An Iranian Distraction from U.S. Woes

Iran denies accusations of the plot to assassinate the Saudi ambassador on U.S. soil.

The United States will "continue to apply the toughest sanctions and continue to mobilize the international community to make sure that Iran is further and further isolated and pays a price for this kind of behavior," U.S. President Barack Obama said recently of an alleged Iranian plot on Washington's Saudi ambassador. These charges, Iran points out, threaten the political stability of the Middle East, which is a region undergoing a massive democratic revolution.

So far the uprisings have transcended the sectarian divisions on which the allegations are based. And the United States has welcomed the revolutions for the democratic norms they strive to achieve. The United States, after all, stands as an international talisman for the freedoms and rights transcending sectarian divisions, divisions that have bedevilled the Middle East politically for centuries.

Why, then, has the American president been amplifying claims that foment discord between Iran and Saudi Arabia? And why would Iran undertake such a diplomatically disastrous assignation in the 21st century anyway? There could be underlying issues at stake here for greater democracy in the Middle East.

Strategic relations or systemic accord

Firstly, America's mega status in the international state system often places a benchmark for democracy beyond the regional breadth that the revolutionary spirit sweeping across the Middle East embodies. These uprisings suggest a context other than the political paradigm of strategic bilateral relations and global capitalism that underpins the U.S. political system.

In two respects the Arab Spring pertains to a geopolitical framework. On the one hand, these movements represent distinctive regional issues such as overcoming Middle Eastern dictatorships. But more generally, the revolutionary spirit embodies a reaction to the amorphous forces of global capitalism, the excesses of which are now bearing down worldwide, manifested in rampant state levels of debt. Dealing with the issues underlying the Arab Spring points to the regulative framework of systemic state authority to form progressive stability in the war-torn states of the region. Regional authority is also the means to streamline excessive capitalism, in accordance with other regional bodies.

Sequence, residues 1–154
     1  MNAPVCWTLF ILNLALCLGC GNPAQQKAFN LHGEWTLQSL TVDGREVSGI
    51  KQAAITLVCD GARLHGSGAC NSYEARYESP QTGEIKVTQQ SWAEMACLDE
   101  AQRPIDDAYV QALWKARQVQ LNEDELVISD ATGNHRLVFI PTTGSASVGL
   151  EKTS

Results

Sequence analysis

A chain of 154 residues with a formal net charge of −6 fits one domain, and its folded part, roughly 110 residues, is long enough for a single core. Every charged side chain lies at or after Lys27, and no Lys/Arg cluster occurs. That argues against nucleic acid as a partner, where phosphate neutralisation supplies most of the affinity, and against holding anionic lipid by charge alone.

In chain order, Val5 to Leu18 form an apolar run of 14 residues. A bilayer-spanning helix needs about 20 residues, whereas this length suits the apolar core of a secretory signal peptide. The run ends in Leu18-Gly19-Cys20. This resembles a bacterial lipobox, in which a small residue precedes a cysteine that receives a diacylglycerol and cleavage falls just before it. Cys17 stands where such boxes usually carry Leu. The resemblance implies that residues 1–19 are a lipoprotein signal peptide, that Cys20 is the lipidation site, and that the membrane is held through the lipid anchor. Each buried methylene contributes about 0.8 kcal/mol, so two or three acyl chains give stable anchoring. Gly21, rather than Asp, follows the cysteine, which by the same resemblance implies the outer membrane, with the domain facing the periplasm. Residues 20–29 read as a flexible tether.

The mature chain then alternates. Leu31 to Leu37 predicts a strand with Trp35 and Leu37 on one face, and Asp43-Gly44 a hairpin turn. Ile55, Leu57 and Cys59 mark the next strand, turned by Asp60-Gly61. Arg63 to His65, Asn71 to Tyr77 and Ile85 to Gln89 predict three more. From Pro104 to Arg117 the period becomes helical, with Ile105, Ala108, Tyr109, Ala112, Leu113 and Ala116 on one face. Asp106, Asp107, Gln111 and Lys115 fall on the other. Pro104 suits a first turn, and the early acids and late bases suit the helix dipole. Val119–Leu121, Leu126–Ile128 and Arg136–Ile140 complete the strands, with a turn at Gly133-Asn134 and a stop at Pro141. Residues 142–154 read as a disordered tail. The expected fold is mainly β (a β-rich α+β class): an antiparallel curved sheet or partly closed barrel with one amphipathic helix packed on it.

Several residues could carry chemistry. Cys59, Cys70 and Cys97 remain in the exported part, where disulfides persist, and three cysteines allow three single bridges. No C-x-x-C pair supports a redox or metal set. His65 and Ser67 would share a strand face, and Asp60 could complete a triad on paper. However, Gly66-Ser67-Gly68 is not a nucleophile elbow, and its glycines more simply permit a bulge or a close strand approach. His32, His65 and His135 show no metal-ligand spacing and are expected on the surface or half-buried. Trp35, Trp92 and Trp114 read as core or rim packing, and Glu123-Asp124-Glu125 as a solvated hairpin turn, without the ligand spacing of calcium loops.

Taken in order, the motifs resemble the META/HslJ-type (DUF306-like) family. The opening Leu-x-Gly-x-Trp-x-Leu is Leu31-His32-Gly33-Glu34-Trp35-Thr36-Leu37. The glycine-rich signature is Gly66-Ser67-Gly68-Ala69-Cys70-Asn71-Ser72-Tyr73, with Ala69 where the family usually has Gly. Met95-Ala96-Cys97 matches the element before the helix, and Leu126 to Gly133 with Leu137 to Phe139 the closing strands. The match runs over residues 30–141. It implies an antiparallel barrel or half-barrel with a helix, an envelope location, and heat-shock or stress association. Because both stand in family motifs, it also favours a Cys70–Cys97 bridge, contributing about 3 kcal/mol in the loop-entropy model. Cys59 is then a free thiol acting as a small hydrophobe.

Neither the United States nor the European Union, after all, has been able to resolve their economic problems single-handedly. "No solution is viable if it doesn't have the support of all the European institutions," French President Nicholas Sarkozy said of the debt crises infecting the Eurozone. Given that capitalism is a global phenomenon, and uprisings are now occurring in the United States itself, is any solution realistic without the coordinated regulation of the entire state system? "We have created a world that is non-computable because it is too complex," said the Swiss economic expert Fredmund Malik. Is he not right? In an interconnected society of multinational corporations, streamlining regulative accord on resources, trade and finance between regions is proving vital not just for any one state's political stability, but the sustainable economic equilibrium of the world.

In strategic respects, this could go against the grain of standard U.S. authority, especially in the Middle East.